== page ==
Of Pools, Piglets and Penalty Kicks


Outside my window, the trees are finally budding and a restlessness is in the air.

Howard countians are sprucing up for spring, which means we're about to embark on all those traditions of the warmer months. It's about time. This is by far my favorite time of year.

Not that I'm neurotic, but so thorough was my conditioning as a child that to this day I won't go out of the house with less than three layers of clothing on until about March 30.

Maybe that's why I'm feeling so liberated now. Besides, Howard County offers plenty of reasons to venture out. The land of milk and honey is chock full of opportunities for young and old alike.

The Columbia Association crews will soon be out scrubbing up the swimming pools. Columbia, of course, is the capital of the neighborhood pool. Somewhere in the city's history, someone got that old political promise about a chicken in every pot mixed up, and today there's a pool around every corner. Two new ones -- in Kendall Ridge and the village of River Hill -- are set to open, and mark my word, come May 27 people will be packed in these places like sardines.

There's something about anything new in Columbia that draws a crowd, which always amazes me because while you have to arm wrestle for a lawn chair at a new pool, some older facilities are downright deserted. If you want to feel like you're vacationing at a private resort for the summer, find a pool in Columbia that's more than five years old.

And any parent with a child old enough to chase a ball knows that soccer season has begun. If Columbians love their pools, they're absolutely obsessed with soccer.

The Soccer Association of Columbia, which deserves a medal for something, celebrates its 20th anniversary this year with a May 27 party at Lake Kittamaqundi in downtown Columbia. That's the day the association also kicks off its annual tournament, which draws teams from across the region.

Kids all over Howard play soccer, and most are involved in the association. I have a theory that on Saturday mornings every car on the road in the county is headed to a soccer game. It's a field of dreams thing: If you schedule it, they will come.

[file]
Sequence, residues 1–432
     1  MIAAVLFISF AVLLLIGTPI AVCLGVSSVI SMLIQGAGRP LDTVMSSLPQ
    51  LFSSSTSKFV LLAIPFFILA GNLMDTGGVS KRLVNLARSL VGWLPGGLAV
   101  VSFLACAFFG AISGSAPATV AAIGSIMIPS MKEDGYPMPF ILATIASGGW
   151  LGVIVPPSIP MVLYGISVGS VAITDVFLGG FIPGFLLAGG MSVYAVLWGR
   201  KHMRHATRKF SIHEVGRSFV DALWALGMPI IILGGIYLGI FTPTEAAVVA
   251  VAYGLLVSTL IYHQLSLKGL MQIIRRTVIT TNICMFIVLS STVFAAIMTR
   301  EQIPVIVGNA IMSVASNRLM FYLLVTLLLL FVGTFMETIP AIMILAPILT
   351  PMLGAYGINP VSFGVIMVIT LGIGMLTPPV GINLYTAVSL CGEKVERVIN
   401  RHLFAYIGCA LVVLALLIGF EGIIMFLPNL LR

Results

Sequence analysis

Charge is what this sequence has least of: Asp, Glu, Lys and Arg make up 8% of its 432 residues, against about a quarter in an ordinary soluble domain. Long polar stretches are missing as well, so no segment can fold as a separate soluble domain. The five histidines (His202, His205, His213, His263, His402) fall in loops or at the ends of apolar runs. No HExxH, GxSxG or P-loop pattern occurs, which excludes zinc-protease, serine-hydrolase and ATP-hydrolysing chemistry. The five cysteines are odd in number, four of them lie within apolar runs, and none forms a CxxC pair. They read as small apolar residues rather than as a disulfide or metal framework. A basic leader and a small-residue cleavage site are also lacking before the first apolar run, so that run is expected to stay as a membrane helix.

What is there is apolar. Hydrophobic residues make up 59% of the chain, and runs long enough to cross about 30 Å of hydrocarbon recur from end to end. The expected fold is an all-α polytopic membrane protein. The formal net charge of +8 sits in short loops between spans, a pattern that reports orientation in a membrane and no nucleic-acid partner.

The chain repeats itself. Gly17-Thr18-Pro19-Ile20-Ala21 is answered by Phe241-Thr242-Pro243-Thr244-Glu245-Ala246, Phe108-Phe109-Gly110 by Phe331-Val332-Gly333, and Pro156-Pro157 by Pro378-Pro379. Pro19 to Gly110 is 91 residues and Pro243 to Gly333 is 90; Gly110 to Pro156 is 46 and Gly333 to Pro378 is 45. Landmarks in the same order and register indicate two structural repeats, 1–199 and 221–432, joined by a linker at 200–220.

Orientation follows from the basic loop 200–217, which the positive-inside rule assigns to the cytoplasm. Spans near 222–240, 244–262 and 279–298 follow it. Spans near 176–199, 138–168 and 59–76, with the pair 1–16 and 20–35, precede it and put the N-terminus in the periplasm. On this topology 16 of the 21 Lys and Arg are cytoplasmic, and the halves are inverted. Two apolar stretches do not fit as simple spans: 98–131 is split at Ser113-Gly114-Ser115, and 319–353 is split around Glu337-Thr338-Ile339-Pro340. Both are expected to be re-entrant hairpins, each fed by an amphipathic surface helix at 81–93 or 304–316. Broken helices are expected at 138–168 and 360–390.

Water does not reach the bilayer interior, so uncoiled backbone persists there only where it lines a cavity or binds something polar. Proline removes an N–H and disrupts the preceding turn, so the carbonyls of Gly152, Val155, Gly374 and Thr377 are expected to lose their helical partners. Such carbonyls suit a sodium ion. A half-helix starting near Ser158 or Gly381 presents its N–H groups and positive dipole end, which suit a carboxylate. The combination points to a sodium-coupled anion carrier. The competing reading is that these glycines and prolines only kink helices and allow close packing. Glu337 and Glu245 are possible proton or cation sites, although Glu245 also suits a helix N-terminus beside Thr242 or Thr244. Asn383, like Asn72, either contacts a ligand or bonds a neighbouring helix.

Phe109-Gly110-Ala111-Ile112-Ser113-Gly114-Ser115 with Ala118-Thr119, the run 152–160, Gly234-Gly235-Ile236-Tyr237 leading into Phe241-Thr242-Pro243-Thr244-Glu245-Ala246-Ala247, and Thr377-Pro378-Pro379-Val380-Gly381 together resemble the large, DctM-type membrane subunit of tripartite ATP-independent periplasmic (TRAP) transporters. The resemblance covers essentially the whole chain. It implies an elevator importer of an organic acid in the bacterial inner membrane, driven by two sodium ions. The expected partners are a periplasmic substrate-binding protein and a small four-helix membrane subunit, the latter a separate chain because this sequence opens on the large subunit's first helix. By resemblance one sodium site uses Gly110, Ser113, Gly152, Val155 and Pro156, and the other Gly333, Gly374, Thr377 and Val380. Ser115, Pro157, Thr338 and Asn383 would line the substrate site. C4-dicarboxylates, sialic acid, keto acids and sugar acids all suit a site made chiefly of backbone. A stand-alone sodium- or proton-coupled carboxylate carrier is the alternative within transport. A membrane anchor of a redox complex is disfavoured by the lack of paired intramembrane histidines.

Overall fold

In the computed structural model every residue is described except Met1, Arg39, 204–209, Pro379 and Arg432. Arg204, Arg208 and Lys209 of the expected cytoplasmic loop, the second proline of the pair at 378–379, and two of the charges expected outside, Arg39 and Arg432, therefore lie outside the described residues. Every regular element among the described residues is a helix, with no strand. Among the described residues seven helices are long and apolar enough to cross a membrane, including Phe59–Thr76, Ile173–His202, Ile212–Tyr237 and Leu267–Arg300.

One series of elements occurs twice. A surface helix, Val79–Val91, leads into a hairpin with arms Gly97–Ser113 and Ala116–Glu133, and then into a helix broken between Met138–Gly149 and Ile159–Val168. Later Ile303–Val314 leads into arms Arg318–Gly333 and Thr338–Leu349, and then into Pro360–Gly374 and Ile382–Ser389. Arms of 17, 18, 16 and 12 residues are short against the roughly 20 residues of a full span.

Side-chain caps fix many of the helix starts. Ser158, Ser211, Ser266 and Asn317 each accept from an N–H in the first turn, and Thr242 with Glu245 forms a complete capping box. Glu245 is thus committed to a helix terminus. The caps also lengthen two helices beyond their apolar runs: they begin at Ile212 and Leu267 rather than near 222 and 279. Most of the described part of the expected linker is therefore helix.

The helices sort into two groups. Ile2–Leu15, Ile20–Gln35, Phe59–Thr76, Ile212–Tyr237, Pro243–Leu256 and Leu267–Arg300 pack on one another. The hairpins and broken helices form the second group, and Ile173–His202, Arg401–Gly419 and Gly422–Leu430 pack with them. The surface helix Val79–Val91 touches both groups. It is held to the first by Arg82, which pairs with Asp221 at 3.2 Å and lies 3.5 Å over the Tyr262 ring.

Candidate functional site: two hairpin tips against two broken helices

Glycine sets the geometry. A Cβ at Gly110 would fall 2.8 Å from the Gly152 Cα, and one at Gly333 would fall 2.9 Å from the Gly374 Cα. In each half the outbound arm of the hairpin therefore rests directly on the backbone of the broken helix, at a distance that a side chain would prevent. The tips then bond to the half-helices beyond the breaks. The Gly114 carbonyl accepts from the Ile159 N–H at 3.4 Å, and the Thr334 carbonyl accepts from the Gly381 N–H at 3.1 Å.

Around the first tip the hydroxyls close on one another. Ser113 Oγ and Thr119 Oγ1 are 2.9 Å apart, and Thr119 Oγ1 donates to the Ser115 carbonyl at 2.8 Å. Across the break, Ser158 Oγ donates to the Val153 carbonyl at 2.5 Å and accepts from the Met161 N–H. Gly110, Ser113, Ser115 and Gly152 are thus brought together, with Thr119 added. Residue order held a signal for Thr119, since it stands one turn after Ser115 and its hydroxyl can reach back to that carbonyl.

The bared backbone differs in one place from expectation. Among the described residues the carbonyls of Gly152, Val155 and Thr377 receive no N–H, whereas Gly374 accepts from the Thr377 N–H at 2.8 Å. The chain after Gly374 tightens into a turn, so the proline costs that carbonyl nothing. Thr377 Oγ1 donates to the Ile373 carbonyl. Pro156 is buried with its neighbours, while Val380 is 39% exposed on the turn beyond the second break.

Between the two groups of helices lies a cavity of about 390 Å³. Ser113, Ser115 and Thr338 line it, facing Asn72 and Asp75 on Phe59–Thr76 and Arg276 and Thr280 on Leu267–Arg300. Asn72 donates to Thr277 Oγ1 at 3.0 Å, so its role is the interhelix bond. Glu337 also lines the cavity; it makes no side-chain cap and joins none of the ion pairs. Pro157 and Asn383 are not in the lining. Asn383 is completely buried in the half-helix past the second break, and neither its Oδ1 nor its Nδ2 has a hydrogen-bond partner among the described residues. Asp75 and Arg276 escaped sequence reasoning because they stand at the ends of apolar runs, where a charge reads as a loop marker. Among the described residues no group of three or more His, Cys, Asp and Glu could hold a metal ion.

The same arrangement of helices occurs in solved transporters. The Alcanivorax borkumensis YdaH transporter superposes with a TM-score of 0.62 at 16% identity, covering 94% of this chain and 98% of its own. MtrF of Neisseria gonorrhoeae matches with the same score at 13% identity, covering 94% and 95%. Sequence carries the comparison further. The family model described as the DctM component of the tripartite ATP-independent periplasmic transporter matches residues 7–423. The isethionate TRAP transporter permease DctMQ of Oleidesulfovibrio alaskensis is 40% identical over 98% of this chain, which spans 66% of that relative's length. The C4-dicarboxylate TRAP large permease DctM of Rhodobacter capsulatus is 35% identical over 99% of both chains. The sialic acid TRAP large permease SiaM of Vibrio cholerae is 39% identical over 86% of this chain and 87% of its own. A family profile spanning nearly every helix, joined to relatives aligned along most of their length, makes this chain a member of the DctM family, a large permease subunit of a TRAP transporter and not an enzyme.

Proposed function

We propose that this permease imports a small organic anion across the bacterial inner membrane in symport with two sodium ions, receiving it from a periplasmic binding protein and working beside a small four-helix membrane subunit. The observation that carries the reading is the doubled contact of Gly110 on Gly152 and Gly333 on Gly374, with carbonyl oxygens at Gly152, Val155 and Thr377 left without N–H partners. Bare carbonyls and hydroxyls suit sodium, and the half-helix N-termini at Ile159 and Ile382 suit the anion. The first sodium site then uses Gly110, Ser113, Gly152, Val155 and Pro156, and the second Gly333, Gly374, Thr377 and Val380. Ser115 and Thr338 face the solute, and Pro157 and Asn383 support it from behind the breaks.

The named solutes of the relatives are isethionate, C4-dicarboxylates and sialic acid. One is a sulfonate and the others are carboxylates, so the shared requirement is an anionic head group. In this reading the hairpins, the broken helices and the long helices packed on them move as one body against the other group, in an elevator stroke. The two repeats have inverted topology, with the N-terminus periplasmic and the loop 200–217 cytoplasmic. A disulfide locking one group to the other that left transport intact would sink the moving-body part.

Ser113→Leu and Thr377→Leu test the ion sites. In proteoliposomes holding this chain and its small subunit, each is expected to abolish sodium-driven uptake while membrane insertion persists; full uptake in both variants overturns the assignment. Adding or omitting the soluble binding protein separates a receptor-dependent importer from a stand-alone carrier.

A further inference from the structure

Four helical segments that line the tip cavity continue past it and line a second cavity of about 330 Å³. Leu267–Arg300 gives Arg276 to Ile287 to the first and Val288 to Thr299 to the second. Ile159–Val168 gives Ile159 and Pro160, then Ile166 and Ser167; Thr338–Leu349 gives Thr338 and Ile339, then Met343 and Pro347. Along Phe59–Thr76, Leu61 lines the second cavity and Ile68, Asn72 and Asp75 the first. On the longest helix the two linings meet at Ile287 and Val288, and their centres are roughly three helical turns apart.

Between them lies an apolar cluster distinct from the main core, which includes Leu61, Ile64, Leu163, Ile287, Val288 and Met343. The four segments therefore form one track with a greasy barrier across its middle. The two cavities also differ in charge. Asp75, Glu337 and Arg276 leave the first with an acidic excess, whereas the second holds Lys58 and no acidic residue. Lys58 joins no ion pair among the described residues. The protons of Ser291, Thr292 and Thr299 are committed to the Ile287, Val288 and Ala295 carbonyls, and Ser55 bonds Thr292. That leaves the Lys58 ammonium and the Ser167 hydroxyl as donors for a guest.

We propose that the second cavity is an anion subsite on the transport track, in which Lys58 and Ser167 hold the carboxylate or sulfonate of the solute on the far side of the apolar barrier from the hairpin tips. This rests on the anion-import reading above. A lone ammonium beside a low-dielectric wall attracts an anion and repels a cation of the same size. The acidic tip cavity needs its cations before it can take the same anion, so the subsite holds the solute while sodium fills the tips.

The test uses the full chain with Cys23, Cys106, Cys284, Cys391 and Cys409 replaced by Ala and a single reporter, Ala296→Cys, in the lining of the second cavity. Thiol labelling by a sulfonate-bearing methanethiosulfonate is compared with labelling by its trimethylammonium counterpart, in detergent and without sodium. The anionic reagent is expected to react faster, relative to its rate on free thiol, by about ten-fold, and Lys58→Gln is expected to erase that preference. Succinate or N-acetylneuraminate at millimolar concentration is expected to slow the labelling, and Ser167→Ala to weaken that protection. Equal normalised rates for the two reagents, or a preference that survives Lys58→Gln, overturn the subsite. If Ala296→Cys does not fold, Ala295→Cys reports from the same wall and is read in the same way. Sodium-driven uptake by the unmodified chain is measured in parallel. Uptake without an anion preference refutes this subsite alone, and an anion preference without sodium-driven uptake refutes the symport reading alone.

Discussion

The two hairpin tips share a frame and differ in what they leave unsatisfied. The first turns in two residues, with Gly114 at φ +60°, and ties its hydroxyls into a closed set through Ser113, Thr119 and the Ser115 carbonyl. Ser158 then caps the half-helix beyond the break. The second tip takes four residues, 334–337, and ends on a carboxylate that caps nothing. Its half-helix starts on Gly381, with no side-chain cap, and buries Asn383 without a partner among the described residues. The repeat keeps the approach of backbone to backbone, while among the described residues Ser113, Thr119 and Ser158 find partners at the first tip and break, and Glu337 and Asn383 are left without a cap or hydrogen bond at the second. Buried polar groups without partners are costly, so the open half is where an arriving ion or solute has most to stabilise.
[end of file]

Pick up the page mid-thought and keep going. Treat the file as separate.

Another event that brings them out in Columbia is the annual Lakefront Birthday Celebration, where we pay tribute to our fair city. This year's event -- at Lake Kittamaqundi, of course -- combines two traditions, the Festival of the Arts and the City Fair. The fair has long been sort of a cross between a quaint Main Street parade and a vulgar amusement park. Billed as a family affair, the City Fair had become a raucous three-day party for bored teen-agers. Parents held their toddlers' hands so tight the blood stopped flowing to their children's tiny fingers.

Thankfully, this year's event will be held sans circus rides and gambling booths. The fair is June 16-19. The Festival of the Arts runs through the rest of that week. There will still be booths, but this year's will feature community organizations, food and arts and crafts. And, of course, lots of entertainment.

I prefer this more wholesome approach, having long ago learned it really isn't cool to lose my cookies from a top the Ferris wheel.

They'll be lots of good entertainment -- including rides -- at the Howard County Fair this year. Held at the county fairgrounds in West Friendship from Aug. 12-19, this one draws them like hogs to a trough.

Speaking of hogs, I've heard an awful rumor that the fair won't be featuring the annual pig races. The thought that those critters won't be tearing around their dirt path to get hold of an old corn cob is depressing. I say bring them back and put 'em to work. On your mark, oinkers!

There's something so down-homey about the fair. The 4H competitions, the petting zoo and horse shows -- all remind us of a lifestyle fast disappearing from the county.

If you can't get enough of that old-fashioned flavor, try the annual Flea Market at the Columbia Mall, which runs every Sunday from April 23 through October.

Last year, I met an antique jewelry peddler there who could only be described as a sort of gypsy lady. She traveled the country, she said, carting her display cases and countless trinkets in the back of a trailer. You want to do something interesting this summer, try that.

Chances are most of us will stay put. We Howard countians are kind of rooted to our creature comforts. Besides, there's a lot to do here.

And if you tire of venturing out, there's always the O.J. trial.

Kevin Thomas is The Baltimore Sun's editorial writer in Howard County.

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